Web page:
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Thread: caregiver or spouse

  1. #11

    Disabled Interloper Alert

    The day I awakened before anyone else, managed to get myself out of bed, to the kitchen and somehow got more cereal in the bowl than on the table, floor and me was a triumph, a big, honking, break out balloons, confetti and the marching band TA DA! moment

    Yes, I was going to eat it dry, but, damn it, I'd done it!

    This was after I'd been home for weeks, but had not yet returned to work even part-time in the office. I remember my Mom looking at me and saying, "Well, I guess you don't need me anymore."

    Stunned. Huh? I had expected her to be as proud of my cereal accomplishment as I was. Instead, she felt some kind of sadness I did not understand. I'm still not sure I can wrap my head around it.

    This was the same woman who had decided she would let me work it out, struggle through so I could learn, no matter how long it took for me, to tie my own shoes as her cerebral palsied daughter. The same was true for dressing myself, brushing my teeth, bathing, all the things she knew I needed to do independently. She helped me become independent to a near fault.

    Post SCI, Mom had moved into my home with my then husband and me to care for me, to get me back and forth to medical appointments, to keep me fed, showered, yaddi yaddi blah blah, to help me get back to my life and my work. As I became more independent, others who were closest to me seemed to have far different reactions to my new skills than I did.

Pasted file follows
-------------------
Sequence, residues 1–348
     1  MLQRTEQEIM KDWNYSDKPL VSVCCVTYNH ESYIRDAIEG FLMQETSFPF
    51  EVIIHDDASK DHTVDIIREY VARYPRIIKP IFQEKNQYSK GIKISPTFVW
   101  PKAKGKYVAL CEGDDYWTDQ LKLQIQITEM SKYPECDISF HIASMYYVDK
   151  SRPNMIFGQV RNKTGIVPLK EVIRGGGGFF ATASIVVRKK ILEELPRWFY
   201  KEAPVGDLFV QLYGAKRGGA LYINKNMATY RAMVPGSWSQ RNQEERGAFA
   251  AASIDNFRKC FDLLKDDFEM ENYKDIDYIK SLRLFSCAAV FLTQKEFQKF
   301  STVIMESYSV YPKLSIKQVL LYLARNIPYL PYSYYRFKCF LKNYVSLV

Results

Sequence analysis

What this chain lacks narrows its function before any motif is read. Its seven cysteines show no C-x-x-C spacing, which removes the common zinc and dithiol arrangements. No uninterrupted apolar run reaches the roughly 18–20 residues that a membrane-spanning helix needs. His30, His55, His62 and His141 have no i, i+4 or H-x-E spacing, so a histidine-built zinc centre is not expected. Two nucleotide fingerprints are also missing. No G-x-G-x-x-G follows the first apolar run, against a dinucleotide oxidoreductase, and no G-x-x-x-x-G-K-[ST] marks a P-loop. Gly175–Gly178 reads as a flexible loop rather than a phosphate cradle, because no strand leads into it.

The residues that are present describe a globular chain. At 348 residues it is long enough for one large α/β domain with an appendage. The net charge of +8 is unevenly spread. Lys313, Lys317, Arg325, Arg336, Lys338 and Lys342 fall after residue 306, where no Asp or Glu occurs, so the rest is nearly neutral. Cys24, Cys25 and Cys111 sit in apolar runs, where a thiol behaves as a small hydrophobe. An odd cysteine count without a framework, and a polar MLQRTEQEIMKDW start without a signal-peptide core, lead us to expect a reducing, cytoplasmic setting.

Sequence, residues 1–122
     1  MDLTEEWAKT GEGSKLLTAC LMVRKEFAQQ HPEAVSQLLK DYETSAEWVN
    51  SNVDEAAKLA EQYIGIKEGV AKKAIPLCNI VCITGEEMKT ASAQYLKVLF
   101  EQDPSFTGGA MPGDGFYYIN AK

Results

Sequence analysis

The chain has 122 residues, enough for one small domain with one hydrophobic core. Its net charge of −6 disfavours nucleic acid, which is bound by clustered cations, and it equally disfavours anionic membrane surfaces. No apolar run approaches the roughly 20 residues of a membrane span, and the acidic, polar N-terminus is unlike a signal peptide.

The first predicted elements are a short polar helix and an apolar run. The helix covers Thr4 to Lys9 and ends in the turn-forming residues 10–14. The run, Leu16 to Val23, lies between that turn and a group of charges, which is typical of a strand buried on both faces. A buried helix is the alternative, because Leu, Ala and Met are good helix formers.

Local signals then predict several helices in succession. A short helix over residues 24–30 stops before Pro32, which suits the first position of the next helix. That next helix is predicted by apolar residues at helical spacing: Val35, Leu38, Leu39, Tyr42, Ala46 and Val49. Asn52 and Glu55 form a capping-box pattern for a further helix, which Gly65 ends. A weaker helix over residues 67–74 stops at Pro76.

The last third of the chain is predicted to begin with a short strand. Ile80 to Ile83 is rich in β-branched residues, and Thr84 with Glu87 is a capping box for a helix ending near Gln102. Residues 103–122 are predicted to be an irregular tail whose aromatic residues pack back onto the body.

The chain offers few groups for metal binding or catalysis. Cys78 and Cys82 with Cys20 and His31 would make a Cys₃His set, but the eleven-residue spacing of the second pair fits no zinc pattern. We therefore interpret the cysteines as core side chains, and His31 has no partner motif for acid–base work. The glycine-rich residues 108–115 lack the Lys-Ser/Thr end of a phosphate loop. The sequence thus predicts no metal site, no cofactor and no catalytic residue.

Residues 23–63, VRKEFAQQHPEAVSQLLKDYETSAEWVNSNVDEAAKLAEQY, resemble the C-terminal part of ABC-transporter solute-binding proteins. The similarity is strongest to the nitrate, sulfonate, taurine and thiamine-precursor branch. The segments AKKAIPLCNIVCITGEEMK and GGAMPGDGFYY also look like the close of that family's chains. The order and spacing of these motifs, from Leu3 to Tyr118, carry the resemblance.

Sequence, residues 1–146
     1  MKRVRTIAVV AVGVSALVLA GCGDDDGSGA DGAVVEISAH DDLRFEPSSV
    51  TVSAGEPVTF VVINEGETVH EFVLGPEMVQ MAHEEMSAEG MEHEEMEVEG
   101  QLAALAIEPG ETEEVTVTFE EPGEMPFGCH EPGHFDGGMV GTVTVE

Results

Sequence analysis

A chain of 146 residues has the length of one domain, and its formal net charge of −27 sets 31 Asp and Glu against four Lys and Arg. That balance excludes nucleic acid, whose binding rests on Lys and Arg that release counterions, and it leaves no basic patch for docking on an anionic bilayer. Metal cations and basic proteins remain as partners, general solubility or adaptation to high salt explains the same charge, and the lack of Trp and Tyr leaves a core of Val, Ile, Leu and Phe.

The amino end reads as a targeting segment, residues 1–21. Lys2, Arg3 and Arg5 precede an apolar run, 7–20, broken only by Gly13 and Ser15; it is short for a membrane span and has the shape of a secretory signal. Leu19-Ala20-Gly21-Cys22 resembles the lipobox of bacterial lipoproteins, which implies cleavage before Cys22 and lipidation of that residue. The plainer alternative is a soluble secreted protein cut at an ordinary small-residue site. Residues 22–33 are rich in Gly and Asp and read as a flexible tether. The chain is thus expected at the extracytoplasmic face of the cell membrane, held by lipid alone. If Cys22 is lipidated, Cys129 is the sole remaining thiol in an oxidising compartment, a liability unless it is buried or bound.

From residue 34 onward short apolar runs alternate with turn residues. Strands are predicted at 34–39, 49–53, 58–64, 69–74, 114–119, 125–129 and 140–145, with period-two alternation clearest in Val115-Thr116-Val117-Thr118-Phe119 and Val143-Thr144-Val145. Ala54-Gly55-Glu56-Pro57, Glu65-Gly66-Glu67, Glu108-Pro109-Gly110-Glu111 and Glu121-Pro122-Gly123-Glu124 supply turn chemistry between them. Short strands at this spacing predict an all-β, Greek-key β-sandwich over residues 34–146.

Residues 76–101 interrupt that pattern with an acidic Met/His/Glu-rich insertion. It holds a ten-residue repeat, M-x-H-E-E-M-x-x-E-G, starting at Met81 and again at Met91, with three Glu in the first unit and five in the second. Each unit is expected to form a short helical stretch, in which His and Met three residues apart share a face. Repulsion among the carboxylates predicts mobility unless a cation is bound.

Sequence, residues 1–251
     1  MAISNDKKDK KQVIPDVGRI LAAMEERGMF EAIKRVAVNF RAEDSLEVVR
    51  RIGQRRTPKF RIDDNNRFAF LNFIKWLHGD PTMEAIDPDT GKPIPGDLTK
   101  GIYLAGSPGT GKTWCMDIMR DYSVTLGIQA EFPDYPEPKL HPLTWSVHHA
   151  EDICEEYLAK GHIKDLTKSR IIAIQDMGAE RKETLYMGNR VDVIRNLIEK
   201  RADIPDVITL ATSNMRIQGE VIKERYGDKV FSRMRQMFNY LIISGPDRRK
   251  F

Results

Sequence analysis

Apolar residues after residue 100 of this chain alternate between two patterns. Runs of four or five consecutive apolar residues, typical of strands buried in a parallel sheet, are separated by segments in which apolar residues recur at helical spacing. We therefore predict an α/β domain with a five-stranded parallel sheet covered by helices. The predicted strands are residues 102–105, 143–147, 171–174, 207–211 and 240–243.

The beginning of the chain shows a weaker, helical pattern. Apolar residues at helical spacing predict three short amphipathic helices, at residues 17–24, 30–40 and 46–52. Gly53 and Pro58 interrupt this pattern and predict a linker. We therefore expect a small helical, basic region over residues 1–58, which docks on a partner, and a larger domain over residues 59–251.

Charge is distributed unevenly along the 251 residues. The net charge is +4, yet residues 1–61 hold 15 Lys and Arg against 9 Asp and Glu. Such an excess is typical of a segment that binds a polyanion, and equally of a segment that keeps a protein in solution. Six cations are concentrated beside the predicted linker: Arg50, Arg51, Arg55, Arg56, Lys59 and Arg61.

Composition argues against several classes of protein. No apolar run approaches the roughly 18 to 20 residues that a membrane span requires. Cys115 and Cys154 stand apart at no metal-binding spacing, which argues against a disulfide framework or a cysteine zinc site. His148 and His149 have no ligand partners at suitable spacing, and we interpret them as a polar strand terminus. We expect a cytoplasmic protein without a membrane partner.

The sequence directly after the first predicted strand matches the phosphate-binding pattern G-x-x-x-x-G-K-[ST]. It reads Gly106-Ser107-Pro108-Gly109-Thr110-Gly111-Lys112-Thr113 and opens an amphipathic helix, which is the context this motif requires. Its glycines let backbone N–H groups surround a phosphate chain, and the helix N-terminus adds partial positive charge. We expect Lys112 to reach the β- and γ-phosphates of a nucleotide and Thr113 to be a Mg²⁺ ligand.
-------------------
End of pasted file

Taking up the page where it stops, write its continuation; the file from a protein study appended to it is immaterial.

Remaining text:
There have been some individuals in my life who have attempted to discourage me from connecting with other dis people. It strikes me as odd. (Denial much, dude?) One particular individual said it would be depressing to talk with others like me.

    Say what?

    It gave me an unfortunate insight into what I assumed this person thought about me. I had assumed I was depressing to that person (to all ab's???) as a person with significant disabilities. Not talking about it, pretending all is just fab, no adjustments needed, chair? what chair?, and sticking with only ab's in my life does not make it go away.

    Talking with others who are dis, having friends who are also dis, is affirming. I'm not the only one living life in a fucked up body. I'm not the only one to deal with poopage at really sucktastic times and urine leaks and equipment malfunctions and UTI/respiratory infections and related problems and physical access to where I want to go and what I want to do in my life and dating/mating and the thousand myriad little details of trying to make my life work with a really messed up physical presence.

    No matter how much those who love me think they understand, they really cannot and don't. I also understand I can never know what any of this has been and is like for anyone else because I am not the abled-bodied person in any of these life equations, never have been.

    When I talk with and/or get together with my dis friends, there is a connection I cannot explain other than I know they know and they know I know. It's as though I can exhale fully, relax in some way because somebody else gets it, gets me and I that other person. It's not an attempt to shut anyone who is ab out of my life. I doubt it is for any of us in the dis tribe at large.